Barack Obama ran on a platform of change. During his inaugural address, he underscored that by looking to the future, eloquently and intrepidly: “Now, there are some who question the scale of our ambitions — who suggest that our system cannot tolerate too many big plans. Their memories are short.”
The same could be said for those of us who forgot first ladies could wear something other than a safe suit or an understated gown. Though Michelle, Malia and Sasha Obama were relatively quiet during Tuesday’s inauguration, their clothing choices spoke volumes: A change will do you good.
And it wasn’t exactly a whisper. By any measure, Michelle Obama’s ensemble, in a shade designer Isabel Toledo calls lemongrass, was a bold choice. On millions of other women, it would’ve been a disaster. But she pulled it off beautifully.
Michelle Obama is known for the seamless way she blends couture with everyday labels — those moss-green gloves came from J. Crew, as did Malia’s and Sasha’s adorable outfits, and she’s no stranger to Gap. The shoes, however, were Jimmy Choos.
She is also known for her penchant for lesser-known American designers. Oscar de la Renta and Carolina Herrera are legends for a reason, but it’s refreshing to see a new crop of names out there. According to The New York Times, Maria Pinto is one of Michelle Obama’s favorites — she designed the memorable purple sheath dress Obama wore at the Democratic National Convention. Jason Wu, a 26-year-old, Korean-born designer, created the confection of a gown she wore to the inaugural balls.
Every fashion analyst and his sister has made the obvious reference to Camelot. But that is way too easy — and far too simple. Michelle Obama is bigger, bolder and buffer than Jackie O. The woman is tall — and she clearly spends time at the gym. But these are all superficial differences. The more fundamental distinction is this: Michelle Obama is a career woman. A high-powered, high-salaried one, at that. She has an identity that is independent of her husband’s, and her clothing reflects that independence. She’s not afraid of wild colors, unexpected silhouettes and the occasional faux pas (say what you will about her red and black Narcisco Rodriguez election night dress). She owns her look.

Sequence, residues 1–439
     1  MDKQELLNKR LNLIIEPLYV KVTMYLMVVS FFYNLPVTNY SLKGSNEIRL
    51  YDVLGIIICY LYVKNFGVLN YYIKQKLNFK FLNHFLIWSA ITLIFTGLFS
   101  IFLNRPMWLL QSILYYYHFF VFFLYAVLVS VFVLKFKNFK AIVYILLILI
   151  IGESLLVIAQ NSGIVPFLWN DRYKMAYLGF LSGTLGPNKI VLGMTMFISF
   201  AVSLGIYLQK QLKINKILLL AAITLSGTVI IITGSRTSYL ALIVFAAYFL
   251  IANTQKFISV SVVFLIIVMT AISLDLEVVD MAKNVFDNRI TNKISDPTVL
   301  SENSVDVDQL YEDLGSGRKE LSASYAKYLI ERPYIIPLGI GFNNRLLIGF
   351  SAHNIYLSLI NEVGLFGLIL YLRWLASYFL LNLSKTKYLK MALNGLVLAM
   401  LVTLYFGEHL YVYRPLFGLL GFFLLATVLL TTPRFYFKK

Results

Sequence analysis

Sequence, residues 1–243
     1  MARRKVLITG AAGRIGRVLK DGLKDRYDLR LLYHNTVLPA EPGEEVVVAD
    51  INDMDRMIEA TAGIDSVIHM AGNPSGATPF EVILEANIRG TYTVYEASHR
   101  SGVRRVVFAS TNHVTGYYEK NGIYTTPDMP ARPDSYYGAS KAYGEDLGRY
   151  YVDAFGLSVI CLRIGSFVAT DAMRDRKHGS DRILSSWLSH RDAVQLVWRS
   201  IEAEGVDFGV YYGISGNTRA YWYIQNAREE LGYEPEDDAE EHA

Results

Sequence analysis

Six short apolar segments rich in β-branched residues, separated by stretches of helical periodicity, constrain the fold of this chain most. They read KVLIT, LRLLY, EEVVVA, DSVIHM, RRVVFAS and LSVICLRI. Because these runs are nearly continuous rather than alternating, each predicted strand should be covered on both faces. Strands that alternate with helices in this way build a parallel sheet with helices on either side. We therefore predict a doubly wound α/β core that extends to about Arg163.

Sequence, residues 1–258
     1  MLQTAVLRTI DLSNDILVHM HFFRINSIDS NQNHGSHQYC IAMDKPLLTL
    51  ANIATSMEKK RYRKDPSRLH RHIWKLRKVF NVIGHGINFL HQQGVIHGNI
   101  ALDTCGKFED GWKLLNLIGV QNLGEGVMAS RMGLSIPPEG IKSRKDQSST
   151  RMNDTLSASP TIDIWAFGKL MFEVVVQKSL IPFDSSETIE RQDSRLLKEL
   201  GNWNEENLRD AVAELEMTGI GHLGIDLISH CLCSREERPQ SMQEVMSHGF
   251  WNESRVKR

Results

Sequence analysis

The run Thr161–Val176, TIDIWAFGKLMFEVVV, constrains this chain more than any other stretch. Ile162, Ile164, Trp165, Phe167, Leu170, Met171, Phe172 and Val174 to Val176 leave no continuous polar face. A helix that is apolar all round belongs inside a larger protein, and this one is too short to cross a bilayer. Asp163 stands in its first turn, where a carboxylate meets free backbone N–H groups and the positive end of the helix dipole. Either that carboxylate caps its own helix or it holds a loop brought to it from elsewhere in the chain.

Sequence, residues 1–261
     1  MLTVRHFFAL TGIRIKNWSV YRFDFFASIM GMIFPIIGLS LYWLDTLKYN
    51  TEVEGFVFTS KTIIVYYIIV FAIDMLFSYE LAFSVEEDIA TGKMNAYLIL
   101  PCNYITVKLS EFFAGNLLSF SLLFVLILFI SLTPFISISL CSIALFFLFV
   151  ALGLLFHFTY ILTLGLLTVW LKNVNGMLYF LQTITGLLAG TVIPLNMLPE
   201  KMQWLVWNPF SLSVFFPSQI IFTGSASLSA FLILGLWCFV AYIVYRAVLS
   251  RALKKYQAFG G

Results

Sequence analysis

But what does this mean for the rest of us? Those of us who can’t or won’t drop $900 on a sheath dress? Those of us for whom Gap and J. Crew are de rigueur? Those of us who are waiting for Narcisco Rodriguez to design a line for Target?
Love it or loathe it, Michelle Obama is about to change the way we dress. No, we’re not all going to be wearing tangerine chemises and lemongrass cardigans. Unfortunately, we won’t all get Jimmy Choos, either. But if you think Michelle Obama’s bold colors and daring pieces aren’t going to influence mainstream mall brands, think again.
Press releases touting lemongrass accessories are already streaming in. Expect to see cardigans everywhere this spring. Ditto for giant pearls, shiny green pumps and ball gown knockoffs. If we’re lucky, people will start wearing bright colors again — right now, it looks like we’re all mourning the death of the economy.
Michelle Obama also has the potential to shape fashion in a way that is more important — and timeless — than trends. Her choices send a loud, clear message to women everywhere: Be an individual. Seek out the unusual and the unknown. Define your own sense of style instead of bending yourself to someone else’s definition.
When it comes to change, it’s as though Michelle Obama looked to Andy Warhol for inspiration:
“They always say time changes things,” Warhol said, “but you actually have to change them yourself.”
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